Thirty-ninth Report of Session 2012-13 - European Scrutiny Committee Contents


5   Civil aviation: passenger protection

(a)

(34777)

7615/13

+ ADDs 1-2

COM(13) 130


(b)

(34782)

7656/13

COM(13) 129


Draft Regulation amending Regulation (EC) No 261/2004 establishing common rules on compensation and assistance to passengers in the event of denied boarding and of cancellation or long delay of flights and Regulation (EC) No 2027/97 on air carrier liability in respect of the carriage of passengers and their baggage by air

Commission Communication: Passenger protection in the event of airline insolvency

Legal base(a) Article 100(2) TFEU; co-decision; QMV

(b) -

Documents originated(a) 13 March 2013

(b) 18 March 2013

Deposited in Parliament(a) 19 March 2013

(b) 22 March 2013

DepartmentTransport
Basis of consideration(a) EM of 2 April 2013

(b) EM of 9 April 2013

Previous Committee ReportNone
Discussion in Council(a) 7 June 2013

(b) Not known

Committee's assessmentPolitically important
Committee's decision(a) Not cleared, further information requested

(b) Cleared

Background

5.1  Regulation (EC) No. 261/2004 lays down common rules on compensation and assistance to air passengers in the event of denied boarding and of cancellation or delay of flights. It is enforced in the UK by the Civil Aviation Authority (CAA) as the competent National Enforcement Body (NEB).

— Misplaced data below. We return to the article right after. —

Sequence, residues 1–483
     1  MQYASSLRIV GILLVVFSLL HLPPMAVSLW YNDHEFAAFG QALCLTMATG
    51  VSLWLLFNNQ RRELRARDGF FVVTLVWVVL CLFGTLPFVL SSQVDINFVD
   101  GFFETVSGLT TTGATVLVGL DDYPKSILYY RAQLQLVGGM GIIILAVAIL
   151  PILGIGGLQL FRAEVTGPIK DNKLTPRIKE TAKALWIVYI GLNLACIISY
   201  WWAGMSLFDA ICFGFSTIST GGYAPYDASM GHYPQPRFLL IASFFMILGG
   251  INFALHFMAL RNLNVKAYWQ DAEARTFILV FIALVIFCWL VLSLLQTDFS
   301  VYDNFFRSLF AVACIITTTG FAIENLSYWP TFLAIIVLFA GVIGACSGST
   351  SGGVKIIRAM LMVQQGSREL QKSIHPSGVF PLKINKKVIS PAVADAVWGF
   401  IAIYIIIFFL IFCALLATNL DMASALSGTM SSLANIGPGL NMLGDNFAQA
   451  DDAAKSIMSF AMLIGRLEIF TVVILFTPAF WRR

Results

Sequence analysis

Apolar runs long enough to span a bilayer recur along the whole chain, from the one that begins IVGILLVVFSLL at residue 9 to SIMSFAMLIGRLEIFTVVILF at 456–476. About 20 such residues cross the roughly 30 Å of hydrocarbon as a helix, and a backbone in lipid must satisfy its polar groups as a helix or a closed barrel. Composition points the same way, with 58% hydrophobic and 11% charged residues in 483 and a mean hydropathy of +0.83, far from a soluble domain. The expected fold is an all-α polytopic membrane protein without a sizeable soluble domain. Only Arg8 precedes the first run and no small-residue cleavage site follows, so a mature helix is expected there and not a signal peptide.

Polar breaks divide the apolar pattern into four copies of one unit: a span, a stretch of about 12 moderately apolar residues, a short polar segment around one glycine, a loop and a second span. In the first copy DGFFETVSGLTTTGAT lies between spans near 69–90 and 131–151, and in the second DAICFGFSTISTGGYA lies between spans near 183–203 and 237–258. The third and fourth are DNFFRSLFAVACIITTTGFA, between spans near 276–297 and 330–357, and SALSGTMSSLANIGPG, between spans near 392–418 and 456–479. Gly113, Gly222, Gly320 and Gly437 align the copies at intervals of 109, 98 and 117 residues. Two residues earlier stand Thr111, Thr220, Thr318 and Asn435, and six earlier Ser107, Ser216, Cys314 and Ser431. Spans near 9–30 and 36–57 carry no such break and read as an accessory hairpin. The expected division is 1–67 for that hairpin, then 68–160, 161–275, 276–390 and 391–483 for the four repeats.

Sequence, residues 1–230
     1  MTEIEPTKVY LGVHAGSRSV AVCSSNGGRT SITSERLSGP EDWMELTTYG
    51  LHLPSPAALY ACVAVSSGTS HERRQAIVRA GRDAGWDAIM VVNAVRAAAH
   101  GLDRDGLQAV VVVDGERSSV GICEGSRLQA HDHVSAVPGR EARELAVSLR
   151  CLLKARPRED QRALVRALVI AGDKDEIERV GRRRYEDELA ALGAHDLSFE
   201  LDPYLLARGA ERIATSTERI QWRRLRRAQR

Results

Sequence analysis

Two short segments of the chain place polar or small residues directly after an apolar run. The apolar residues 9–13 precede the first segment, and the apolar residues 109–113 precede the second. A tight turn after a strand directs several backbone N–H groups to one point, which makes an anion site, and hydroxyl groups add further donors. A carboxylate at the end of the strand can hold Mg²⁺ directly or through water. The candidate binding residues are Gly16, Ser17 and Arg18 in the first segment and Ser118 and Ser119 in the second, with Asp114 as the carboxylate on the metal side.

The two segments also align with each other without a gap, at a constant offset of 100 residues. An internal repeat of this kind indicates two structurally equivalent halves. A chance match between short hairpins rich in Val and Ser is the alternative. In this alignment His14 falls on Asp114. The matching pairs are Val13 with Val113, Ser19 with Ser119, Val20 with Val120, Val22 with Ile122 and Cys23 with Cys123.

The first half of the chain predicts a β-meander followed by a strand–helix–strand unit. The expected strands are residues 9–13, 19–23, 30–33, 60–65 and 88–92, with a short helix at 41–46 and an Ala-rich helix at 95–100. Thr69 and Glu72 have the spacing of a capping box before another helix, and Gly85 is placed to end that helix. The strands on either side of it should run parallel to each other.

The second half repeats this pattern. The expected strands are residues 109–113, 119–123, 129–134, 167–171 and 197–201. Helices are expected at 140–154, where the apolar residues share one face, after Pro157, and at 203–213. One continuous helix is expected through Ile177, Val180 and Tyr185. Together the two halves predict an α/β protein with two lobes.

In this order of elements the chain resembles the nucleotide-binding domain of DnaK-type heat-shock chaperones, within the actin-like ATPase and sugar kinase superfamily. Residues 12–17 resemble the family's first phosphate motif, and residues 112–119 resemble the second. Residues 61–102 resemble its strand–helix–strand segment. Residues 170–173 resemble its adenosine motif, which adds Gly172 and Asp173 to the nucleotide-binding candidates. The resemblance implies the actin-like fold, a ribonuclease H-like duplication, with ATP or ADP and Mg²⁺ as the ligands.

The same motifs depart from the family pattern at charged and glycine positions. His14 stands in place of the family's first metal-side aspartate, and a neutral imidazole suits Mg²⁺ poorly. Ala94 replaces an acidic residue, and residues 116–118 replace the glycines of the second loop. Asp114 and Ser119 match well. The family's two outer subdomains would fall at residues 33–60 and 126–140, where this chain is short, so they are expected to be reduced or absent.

5.2  Regulation (EC) No. 2027/97 deals with air carrier liability in the event of claims for compensation in the event of death or injury to passengers and the liability limits for delay and mishandled baggage. The Regulation translates parts of the Montreal Convention into EU law.

5.3  At present passengers who have bought an airline ticket as part of a package have, under the Package Travel Directive, Council Directive 90/314/EEC, compensation rights in the event of the airline's in solvency. Holders of flight only tickets have no such rights.

The documents

5.4  With this draft Regulation, document (a), to amend Regulation (EC) No. 261/2004 and Regulation (EC) No. 2027/97 the Commission proposes a range of changes to reinforce enforcement policies and procedures, improve passenger rights and re-address the financial obligations, in some circumstances, imposed on airlines.